When I was studying Chinese medicine, for a short while I felt a sense of a “presence” with me all the time. I noticed it especially in those moments between sleeping and waking. I had this sense of life wanting to express itself when the time was right. This feeling stayed with me until I had my son, Lars. While I can’t say for sure whether this feeling and the birth of my son were related, on a deep level I believe that the presence I felt had something to do with his soul wanting to be part of my life. And, if it’s possible that our children choose us as parents, then I wonder if it matters to them whether they’re born of our bodies or someone else’s.
However these children come to us, be it by our own eggs or assisted reproductive technologies or adoption, matters less than our tenacity — what we have gone through to make these children part of our lives. I believe the most important aspect of parenthood is letting our children know where they fit in the world, giving them a sense of belonging, no matter how they come to us. If they come from us, if they come through us, or if they come to us, being a parent means holding them and letting them know, “This is where you belong.”

When I work with women who are reaching the end of their pursuit of natural conception, I counsel them and support them with treatments designed to help them handle their emotions. I also ask them questions like, “Do you think if a child wants to be part of your life that he or she will care where its genetics come from? What do you think is more important in terms of your expressing your motherhood: creating a child who has the genes of your ancestors or giving a child all the love a mother can give?” And, “Are there other ways you can use your maternal energy? Can you give your time to children who are needy? How can you mother in a totally different sense, without it having to be a baby?”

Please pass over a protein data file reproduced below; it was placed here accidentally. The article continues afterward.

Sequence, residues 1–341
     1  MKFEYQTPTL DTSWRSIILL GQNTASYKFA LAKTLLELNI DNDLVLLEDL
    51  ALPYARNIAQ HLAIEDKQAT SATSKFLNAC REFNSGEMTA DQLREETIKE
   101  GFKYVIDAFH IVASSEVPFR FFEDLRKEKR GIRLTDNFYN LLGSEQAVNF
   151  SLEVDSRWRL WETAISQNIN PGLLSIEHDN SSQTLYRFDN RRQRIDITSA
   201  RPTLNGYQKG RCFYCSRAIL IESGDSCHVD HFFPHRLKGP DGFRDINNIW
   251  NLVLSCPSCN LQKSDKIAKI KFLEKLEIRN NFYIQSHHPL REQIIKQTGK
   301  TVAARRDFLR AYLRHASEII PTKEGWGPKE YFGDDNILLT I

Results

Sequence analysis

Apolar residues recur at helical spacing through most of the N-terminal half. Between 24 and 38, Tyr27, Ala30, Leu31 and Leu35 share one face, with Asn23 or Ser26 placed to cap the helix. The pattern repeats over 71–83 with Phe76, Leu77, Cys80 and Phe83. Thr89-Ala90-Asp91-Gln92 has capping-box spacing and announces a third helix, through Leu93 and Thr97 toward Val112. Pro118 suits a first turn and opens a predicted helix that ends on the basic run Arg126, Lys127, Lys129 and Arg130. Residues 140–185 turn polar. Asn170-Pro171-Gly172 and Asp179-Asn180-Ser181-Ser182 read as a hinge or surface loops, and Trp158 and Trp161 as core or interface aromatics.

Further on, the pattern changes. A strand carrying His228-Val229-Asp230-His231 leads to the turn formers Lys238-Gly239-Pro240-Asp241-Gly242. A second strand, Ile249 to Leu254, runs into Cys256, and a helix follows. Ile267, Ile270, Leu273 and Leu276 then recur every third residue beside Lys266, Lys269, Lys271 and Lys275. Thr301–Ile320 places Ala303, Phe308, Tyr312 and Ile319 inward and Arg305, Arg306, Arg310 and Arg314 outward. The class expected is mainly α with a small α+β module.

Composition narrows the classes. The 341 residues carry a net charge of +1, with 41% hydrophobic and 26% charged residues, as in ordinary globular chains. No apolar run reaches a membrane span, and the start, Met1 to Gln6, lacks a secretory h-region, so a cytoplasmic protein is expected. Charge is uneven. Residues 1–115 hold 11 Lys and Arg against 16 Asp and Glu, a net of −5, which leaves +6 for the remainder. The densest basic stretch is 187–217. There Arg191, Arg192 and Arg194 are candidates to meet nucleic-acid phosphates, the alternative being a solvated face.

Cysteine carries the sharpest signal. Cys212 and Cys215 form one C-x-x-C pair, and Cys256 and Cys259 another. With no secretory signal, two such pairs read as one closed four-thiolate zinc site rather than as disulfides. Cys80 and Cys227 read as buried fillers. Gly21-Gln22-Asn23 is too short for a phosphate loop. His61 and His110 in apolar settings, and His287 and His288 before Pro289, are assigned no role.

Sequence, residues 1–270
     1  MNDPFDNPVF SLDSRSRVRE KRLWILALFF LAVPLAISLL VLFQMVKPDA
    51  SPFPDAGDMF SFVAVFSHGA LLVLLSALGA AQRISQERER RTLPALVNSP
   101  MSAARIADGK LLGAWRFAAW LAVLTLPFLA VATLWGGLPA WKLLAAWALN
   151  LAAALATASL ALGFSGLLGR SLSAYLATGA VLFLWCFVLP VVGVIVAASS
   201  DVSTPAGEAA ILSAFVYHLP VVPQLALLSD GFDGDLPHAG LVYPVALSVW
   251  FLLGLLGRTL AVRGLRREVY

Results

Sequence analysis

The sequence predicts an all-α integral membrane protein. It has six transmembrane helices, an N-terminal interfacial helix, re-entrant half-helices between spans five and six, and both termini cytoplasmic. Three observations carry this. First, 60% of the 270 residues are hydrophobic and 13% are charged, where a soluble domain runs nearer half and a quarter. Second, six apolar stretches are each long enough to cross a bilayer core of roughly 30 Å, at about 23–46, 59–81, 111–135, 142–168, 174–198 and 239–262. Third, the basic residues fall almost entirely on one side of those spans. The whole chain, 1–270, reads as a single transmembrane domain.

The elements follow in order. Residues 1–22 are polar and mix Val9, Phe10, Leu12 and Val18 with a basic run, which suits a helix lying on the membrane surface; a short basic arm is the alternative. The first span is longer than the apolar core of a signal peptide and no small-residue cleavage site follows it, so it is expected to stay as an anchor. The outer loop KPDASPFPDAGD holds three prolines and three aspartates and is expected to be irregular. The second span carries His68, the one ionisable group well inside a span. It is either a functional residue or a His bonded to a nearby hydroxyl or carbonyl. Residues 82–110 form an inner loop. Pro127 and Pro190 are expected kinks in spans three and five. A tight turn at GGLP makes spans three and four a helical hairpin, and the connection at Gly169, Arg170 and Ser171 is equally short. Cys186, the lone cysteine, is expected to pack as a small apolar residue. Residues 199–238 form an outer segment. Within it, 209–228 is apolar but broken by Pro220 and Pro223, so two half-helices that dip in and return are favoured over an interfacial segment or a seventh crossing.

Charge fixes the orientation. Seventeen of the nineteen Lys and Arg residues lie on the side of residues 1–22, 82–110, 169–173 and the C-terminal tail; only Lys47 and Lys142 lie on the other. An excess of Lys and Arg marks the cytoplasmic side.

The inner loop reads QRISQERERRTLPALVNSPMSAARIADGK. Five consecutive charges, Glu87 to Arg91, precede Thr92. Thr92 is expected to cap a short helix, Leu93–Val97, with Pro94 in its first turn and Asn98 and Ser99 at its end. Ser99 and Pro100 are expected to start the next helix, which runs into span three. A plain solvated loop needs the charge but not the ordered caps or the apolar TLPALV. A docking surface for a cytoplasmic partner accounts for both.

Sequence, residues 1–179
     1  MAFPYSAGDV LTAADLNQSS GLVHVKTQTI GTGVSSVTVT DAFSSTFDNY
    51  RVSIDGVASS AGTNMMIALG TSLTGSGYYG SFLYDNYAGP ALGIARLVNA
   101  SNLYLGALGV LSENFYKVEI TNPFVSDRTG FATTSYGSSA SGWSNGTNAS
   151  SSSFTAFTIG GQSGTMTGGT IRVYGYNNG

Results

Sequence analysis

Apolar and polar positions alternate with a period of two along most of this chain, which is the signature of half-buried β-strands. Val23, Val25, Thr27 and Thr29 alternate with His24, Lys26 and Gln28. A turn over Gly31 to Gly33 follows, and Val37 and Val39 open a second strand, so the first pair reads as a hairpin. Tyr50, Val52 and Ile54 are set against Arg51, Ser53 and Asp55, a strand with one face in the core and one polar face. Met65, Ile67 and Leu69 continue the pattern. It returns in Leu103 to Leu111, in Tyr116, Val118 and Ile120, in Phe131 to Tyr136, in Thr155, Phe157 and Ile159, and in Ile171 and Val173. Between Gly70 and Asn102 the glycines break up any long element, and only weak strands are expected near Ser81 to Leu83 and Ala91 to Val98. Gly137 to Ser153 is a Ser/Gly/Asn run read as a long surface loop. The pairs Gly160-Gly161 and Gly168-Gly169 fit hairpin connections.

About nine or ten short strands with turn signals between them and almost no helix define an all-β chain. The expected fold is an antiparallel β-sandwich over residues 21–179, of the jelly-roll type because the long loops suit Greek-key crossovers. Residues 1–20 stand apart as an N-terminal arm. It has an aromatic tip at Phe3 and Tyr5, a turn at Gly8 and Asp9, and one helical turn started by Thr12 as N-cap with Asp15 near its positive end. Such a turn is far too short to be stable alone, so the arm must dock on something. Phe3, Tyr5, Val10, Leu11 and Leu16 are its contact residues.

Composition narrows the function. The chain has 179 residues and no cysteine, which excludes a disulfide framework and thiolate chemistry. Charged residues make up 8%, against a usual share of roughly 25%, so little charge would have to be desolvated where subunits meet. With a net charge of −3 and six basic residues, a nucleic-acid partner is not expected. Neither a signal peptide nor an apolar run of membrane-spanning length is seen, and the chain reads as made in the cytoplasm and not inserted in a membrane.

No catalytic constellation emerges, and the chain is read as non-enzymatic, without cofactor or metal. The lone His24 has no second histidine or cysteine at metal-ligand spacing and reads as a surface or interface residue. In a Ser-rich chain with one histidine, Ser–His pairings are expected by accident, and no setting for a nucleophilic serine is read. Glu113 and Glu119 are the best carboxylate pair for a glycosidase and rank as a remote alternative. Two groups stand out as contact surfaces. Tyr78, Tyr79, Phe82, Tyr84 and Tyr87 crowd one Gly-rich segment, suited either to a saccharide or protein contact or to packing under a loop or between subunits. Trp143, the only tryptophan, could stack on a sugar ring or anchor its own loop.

In Chinese medicine, menopause is described as the transition from our reproductive years into the “time of wisdom.” At this point, the energy that has been pouring into our uterus through the Penetrating Meridian is redirected. And since the Pnetrating Meridian connects the Uterus to the Heart, that is where our reproductive energy moves. We change from being mothers of the body to being mothers of the heart, where wisdom resides. Whether we are biological mothers or not, all women have the ability to be mothers of the heart. We can choose to offer our love and maternal energies by creating a family with children, or we can choose to mother children, adults, groups or organizations. Louisa May Alcott once wrote, “…fatherly and motherly hearts often beat warm and wise in the breasts of bachelor uncles and maiden aunts, and it is my private opinion that these worthy creatures are a beautiful provision of nature for the cherishing of other people’s children.” You never know what place you will fill within the universal plan, but I do believe with all my heart that the love that makes us want to be parents was not meant to go to waste. The Tao Te Ching says,